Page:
A far-reaching investigation of a the Pennsylvania Archdiocese is gaining momentum in Pennsylvania. The state attorney general's office is reviewing nearly 70 years of records concerning sexually-abusive priests affiliated with Pennsylvania's Roman Catholic dioceses. The attorney general, collaborating with a Pittsburgh-based grand jury, has issued subpoenas to obtain documents dating to 1947. Under scrutiny are the dioceses of Allentown, Erie, Greensburg, Harrisburg, Pittsburgh, and Scranton.
Few things are more destructive to a person's life than being sexually abused as a child. Predators steal the innocence from children who looked up to and trusted adults and replaces that inner light with dark hole in their hearts.
Before selecting a day care facility for your children, make sure to properly research the day care provider. We see far too many cases in which vulnerable children have suffered sexual abuse or other serious injuries at day cares. Often, these tragic incidents happen as a result of chronic institutional failures. Identifying day care providers who have had problems in the past can help you protect your child in the future.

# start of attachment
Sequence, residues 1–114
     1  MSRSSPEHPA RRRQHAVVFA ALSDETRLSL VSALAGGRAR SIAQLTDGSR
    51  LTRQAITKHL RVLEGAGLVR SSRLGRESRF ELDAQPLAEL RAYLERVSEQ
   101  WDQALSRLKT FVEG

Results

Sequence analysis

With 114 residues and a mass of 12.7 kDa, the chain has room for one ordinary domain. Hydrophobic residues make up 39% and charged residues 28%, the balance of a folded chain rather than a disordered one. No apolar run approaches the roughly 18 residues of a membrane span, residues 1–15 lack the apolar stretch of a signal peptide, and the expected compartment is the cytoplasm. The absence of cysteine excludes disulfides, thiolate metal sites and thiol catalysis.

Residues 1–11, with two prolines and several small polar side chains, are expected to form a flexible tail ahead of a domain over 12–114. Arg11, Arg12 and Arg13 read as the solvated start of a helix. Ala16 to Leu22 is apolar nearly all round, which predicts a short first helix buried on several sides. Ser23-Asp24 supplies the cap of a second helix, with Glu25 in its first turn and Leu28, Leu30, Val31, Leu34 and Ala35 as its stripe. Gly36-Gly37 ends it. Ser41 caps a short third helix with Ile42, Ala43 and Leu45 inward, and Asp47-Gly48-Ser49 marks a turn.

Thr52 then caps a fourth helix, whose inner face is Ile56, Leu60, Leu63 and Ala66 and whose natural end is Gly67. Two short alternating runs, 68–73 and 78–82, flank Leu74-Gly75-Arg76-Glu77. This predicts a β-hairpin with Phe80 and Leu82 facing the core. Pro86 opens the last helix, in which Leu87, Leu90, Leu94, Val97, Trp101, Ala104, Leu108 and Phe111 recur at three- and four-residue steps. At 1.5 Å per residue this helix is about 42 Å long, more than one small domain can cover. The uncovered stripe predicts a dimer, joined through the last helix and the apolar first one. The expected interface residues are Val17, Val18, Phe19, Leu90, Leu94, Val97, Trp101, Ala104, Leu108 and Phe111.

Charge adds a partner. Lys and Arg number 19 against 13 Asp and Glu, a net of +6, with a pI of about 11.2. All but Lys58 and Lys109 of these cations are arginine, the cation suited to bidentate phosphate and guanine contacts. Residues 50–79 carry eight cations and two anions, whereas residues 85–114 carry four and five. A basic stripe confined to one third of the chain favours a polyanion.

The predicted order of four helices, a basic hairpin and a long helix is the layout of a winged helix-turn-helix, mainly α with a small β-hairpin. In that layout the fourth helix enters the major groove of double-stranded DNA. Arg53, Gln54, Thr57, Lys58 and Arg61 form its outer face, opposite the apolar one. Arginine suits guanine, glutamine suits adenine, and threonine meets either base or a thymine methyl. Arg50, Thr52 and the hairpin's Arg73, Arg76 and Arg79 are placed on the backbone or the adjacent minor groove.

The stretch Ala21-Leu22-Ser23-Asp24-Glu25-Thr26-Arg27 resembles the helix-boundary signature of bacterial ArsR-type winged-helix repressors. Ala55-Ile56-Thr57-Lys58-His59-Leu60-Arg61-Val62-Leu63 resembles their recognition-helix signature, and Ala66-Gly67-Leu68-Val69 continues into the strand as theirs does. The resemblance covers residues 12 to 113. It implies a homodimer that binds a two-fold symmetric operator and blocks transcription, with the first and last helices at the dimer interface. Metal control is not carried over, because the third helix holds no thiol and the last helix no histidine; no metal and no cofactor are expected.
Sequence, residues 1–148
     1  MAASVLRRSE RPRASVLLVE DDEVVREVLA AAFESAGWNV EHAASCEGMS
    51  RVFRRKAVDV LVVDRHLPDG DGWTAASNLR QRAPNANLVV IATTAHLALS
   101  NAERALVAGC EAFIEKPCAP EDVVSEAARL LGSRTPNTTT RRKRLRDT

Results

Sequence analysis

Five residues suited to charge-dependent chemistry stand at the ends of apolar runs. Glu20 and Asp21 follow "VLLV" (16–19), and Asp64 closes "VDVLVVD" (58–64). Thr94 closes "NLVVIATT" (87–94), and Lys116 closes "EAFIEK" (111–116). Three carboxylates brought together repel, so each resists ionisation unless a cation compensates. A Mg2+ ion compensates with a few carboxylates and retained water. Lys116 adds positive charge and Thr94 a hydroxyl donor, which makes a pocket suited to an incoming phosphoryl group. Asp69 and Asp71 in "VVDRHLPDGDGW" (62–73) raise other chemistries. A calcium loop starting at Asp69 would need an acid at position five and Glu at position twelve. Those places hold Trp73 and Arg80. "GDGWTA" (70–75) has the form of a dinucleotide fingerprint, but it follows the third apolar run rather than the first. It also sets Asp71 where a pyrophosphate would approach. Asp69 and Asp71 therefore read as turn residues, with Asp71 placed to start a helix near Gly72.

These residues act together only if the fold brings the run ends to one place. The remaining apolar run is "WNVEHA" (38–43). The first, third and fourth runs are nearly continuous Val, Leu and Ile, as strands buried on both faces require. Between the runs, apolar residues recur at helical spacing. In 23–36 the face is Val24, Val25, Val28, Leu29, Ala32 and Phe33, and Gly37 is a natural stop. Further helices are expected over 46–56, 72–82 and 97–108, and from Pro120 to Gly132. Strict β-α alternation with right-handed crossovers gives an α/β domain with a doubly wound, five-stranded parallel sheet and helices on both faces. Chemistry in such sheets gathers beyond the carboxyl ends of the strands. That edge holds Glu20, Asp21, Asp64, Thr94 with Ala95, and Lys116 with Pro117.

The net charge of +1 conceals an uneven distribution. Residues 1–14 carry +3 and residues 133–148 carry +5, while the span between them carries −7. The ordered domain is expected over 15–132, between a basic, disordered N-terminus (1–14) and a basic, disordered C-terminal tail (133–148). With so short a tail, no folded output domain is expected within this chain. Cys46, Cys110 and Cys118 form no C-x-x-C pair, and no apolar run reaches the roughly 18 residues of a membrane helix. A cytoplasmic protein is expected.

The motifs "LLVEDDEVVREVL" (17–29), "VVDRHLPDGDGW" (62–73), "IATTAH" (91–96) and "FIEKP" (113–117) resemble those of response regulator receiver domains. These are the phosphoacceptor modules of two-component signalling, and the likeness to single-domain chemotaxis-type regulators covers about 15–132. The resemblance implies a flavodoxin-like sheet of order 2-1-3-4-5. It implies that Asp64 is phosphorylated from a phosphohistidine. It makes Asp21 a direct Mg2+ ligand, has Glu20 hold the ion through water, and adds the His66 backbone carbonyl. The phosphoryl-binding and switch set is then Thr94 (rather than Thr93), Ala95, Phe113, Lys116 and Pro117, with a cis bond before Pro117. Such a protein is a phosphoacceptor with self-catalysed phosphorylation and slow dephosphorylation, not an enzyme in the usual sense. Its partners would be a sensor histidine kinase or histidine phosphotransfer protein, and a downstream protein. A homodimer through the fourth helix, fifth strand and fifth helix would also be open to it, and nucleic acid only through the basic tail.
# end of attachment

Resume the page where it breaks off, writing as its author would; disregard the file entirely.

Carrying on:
According to a recent investigative report by the Indianapolis Star, top executives at USA gymnastics failed to protect the best interests of alleged victims of sexual abuse at the hands of coaches. While these executives have received many warnings in the past, they have yet to make any changes to their policies to protect children.
Sex abuse laws in Pennsylvania are changing. Recently, the state passed a law that expands the rights of victims, but was it enough? Some lawmakers are voicing opposition, stating the reform was a step in the right direction but that more is needed.
On June 20, 2016, Pennsylvania's Senate took an important step forward for victims of childhood sexual abuse when it passed an amended version of HB 1947. Although HB 1947 would overhaul Pennsylvania's child sex abuse laws, the legislation lacks the key measure that victims demanded. Unfortunately, the bill did not include a provision, which appeared in the bill's original version, that would allow victims to pursue claims for abuse that occurred decades ago.